Format: Paperback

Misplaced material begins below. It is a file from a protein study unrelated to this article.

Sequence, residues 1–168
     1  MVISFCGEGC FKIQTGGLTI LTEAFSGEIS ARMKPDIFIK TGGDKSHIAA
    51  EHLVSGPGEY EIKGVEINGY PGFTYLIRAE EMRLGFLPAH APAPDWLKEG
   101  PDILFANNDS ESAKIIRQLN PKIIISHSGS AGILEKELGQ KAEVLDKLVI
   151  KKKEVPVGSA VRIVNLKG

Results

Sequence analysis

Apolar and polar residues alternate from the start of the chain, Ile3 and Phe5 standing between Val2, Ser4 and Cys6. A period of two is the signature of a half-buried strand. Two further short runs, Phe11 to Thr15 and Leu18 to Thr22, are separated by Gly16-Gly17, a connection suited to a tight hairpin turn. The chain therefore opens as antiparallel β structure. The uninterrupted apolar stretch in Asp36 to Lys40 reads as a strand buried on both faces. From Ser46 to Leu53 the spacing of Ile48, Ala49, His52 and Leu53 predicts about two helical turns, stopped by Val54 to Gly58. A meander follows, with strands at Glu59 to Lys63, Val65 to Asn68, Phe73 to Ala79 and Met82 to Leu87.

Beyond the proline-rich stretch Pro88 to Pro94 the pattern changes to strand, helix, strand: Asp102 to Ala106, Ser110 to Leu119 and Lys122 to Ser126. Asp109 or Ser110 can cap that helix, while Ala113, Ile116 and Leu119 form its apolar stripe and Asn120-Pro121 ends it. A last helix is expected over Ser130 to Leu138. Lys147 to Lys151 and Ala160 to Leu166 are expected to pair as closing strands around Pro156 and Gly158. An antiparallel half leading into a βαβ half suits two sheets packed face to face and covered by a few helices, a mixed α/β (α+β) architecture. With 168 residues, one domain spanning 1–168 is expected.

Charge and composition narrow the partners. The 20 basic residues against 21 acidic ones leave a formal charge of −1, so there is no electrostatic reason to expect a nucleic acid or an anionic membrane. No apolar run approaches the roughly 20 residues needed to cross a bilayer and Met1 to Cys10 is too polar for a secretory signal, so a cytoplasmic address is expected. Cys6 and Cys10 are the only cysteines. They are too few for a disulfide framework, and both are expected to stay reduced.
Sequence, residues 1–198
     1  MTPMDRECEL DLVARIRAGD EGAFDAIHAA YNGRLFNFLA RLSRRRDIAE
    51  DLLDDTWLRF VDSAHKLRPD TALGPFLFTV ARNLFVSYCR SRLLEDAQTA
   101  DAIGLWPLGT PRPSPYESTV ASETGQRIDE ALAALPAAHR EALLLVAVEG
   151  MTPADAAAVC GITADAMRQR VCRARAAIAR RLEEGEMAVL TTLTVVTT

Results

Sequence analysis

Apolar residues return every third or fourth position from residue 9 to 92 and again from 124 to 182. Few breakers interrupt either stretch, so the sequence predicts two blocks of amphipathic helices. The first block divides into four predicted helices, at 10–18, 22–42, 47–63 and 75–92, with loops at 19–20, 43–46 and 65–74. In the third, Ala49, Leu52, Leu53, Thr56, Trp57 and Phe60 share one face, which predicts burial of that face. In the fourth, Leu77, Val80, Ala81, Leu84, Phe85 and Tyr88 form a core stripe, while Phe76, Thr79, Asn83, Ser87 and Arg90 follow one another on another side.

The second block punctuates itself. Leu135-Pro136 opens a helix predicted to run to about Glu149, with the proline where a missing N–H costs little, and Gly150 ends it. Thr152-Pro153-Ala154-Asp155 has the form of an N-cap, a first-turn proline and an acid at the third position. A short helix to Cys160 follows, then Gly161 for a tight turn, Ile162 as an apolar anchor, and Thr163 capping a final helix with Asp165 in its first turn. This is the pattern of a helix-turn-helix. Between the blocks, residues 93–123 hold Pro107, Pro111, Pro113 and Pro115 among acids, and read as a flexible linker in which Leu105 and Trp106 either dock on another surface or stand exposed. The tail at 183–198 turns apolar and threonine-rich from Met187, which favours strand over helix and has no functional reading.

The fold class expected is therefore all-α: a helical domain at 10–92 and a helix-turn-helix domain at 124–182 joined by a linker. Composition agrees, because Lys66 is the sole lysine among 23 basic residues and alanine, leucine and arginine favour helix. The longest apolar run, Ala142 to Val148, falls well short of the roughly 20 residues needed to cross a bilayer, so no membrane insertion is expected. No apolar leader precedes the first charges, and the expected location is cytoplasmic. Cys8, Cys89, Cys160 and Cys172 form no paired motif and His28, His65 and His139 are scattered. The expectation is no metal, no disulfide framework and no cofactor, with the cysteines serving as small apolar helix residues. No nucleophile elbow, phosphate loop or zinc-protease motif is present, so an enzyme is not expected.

The authors do a magnificent job in the allocution of their theory, which is a forgotten issue for social justice and equality in American discourse. The statistical data and charts definitely illustrate the multitude of points illuminated by the authors. The statistics are thorough however not boring or overwhelming, thus the authors make great efforts to add flesh to the numbers. A litany of historical details and information are provided in each section providing a background and link to the causes and effects of this issue. For example, the failed policies and ineptitude of the government at the federal and state level, the racism of presidents, the racist's attitudes of those of influence, the tracking methods and surveys of racial prejudice truly denote how the ghetto and residential segregation was not only formed but also maintained. The book also makes the point that many of the laws and institutions that were enacted to protect the public from these acts of racism were complicit and willing participants and that whenever a new policy was made or a court case was settled, a new strategy was invented to maintain the status quo. This was a new area of thinking for me, thus prompted me to seek additional reading materials, cited in the bibliography, which cover this subject. I appreciate how varying opinions and viewpoints are offered, which will be satisfactory for those who appreciate dialectical thinking. This is a brilliant book and a must read for those who desire to expand their knowledge of social consciousness on modern issues.